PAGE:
Roughly one in five women and one in 71 men will be a victim of sexual assault in their lifetime. Tragically, victims are often left ashamed or silenced. But one woman is fighting each and every day to obliterate the taboos that surround the topic of sexual assault.
Laura Dunn, a powerful voice for women, was once ashamed and silenced herself. As an 18-year-old freshman she was attacked by two trusted friends after a frat party where the Christian-raised teen encountered alcohol for only the second time in her life.
Dunn recently recounted the moment with People magazine, saying, “It was late, I wanted to be safe. I had no reason not to trust them. I thought rape was a stranger jumping out of an alley attacking you with a knife. I didn’t have any narrative where it’s someone I knew.”
The University of Wisconsin-Madison freshman kept quiet about the incident for over a year. Like many victims, she dealt with the pain, fear and shame on her own before she could work up the courage to speak out. And when she finally did, she faced 10 months of investigations that were ultimately dropped due to lack of evidence and Wisconsin laws that offered no protection.
Dunn suffered from suicidal thoughts during the heart-wrenching investigations. “I felt like no one believed me,” she says. “One time when I was driving, I had this thought of just pulling my car into the oncoming traffic, just jerk the wheel. I couldn’t shake the idea that if I killed myself people would believe me.”
Fortunately, her story does not end in defeat. The once-silenced woman worked through law school to become a D.C. attorney and an effective advocate within the Obama administration, where she fought to create change. She worked relentlessly with Joe Biden to assist sexual assault victims and to improve the process of assault investigation.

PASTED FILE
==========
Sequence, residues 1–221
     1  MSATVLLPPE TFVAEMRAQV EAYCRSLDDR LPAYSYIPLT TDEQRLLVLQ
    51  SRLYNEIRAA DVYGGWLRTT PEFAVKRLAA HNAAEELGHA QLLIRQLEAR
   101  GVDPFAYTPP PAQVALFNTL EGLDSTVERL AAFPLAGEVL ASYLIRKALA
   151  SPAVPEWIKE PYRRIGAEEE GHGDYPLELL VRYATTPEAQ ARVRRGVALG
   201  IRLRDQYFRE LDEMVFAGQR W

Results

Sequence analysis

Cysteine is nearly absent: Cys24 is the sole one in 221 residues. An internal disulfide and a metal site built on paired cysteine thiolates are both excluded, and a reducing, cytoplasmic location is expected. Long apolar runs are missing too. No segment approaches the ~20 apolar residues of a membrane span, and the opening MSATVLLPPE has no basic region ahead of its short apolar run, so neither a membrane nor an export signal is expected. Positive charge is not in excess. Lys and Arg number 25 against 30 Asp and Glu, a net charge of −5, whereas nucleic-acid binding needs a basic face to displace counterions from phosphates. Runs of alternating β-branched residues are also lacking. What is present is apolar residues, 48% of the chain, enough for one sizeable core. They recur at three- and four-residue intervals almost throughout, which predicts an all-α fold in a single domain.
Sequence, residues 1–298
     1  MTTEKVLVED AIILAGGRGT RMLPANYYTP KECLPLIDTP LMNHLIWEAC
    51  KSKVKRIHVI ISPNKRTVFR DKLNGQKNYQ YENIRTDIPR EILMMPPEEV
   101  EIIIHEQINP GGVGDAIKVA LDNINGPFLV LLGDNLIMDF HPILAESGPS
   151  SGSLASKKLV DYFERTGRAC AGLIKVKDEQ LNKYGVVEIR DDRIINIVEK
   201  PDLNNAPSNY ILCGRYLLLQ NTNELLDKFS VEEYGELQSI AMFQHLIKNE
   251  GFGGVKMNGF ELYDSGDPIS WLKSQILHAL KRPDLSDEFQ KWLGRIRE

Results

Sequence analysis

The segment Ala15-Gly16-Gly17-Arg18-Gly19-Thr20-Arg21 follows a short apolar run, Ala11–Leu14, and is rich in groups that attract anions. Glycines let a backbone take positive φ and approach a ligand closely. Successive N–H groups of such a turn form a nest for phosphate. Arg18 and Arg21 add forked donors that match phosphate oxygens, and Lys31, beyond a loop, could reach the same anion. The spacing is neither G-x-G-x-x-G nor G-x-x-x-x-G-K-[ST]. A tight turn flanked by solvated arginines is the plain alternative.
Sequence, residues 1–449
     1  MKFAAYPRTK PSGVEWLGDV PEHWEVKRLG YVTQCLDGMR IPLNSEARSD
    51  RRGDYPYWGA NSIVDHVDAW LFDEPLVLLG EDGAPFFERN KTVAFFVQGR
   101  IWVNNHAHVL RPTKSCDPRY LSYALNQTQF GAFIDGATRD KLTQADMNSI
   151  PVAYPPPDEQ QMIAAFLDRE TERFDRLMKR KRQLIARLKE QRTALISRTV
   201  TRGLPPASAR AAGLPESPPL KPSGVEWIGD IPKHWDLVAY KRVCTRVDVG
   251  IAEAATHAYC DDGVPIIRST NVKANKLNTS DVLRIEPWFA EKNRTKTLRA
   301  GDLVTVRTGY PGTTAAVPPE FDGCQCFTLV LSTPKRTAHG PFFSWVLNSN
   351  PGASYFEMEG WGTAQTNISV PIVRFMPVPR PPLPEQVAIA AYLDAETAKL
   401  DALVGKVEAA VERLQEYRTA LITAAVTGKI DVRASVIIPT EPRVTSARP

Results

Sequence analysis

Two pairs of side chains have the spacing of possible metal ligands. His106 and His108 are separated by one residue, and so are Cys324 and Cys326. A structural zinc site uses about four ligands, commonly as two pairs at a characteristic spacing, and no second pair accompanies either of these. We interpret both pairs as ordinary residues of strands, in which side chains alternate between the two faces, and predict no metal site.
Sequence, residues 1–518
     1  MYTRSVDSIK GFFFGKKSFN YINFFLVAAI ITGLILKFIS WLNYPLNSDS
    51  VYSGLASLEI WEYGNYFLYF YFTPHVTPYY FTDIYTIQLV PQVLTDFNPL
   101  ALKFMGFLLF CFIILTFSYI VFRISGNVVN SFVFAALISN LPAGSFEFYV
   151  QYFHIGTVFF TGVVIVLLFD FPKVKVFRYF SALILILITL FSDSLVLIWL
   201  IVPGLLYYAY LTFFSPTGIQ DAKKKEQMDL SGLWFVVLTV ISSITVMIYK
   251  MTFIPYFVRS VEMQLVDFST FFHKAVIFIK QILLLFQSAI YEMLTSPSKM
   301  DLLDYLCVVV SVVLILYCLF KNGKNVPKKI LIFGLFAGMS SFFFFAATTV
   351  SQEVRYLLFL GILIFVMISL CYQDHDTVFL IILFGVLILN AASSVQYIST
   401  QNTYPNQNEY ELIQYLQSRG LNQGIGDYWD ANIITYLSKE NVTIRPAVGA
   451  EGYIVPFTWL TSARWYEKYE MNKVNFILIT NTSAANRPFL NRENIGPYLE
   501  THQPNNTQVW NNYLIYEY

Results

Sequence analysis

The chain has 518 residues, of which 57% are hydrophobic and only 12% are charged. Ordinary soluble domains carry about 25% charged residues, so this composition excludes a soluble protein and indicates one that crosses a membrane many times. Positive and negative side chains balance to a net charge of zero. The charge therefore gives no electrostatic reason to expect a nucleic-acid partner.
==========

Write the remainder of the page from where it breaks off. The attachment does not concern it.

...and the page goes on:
Exactly seven years after her attack, Dunn’s story came perfectly full circle. Dunn tearfully witnessed Joe Biden commit his support for victims through the use of Title IX. On that day she helped give victims something she felt she would never have: a voice that would be heard.
That same day, April 4, 2011, the U.S. Department of Education sent a “Dear Colleague” letter to various colleges across the country admonishing them to adhere to the requirements of Title IX. Since 1972 it has mandated, “No person in the United States shall, on the basis of sex, be excluded from participation in, be denied the benefits of, or be subjected to discrimination under any education program or activity receiving Federal financial assistance.”
The “Dear Colleague” letter called universities to a higher standard of which Laura Dunn said, “The point of the guidance is to let schools know what the department will be looking at to determine regulations are being fully complied with, so treating them as guidance to abide by is wise.” In the years to follow, Dunn said things began to change: Campus policies were reformed, law enforcement was trained to deal with these cases and the media began to shine light on problems formerly swept under the rug.
The message caused waves across the U.S., but not all positive ones. While some applauded the efforts, others said that it removes the right to due process for the accused. That in an attempt to give voice to the potential victims, it silences the defendants, giving no option to actually defend themselves. With this concern, Education Secretary Betsy DeVos is working to rescind the Obama Administration system. As reported by the Washington Post, DeVos declared, “One rape is one too many,” and “not one more survivor will be silenced. We will not abandon anyone.”
However, the words of reassurance don’t comfort everyone, including Dunn. She insists that she will continue to fight with her team at SurvJustice, the not-for-profit she founded in 2014. As the only national organization to offer legal assistance in campus hearings, they work to bring awareness, training and legal support to victims across the country. Dunn says they will continue to do so.
The organization plans to join End Rape on Campus, the Feminist Majority Foundation, It’s On Us and several other groups in a vigil to defend Title IX on Thursday, October 19, 2017. The rally will be held outside the U.S. Department for Education.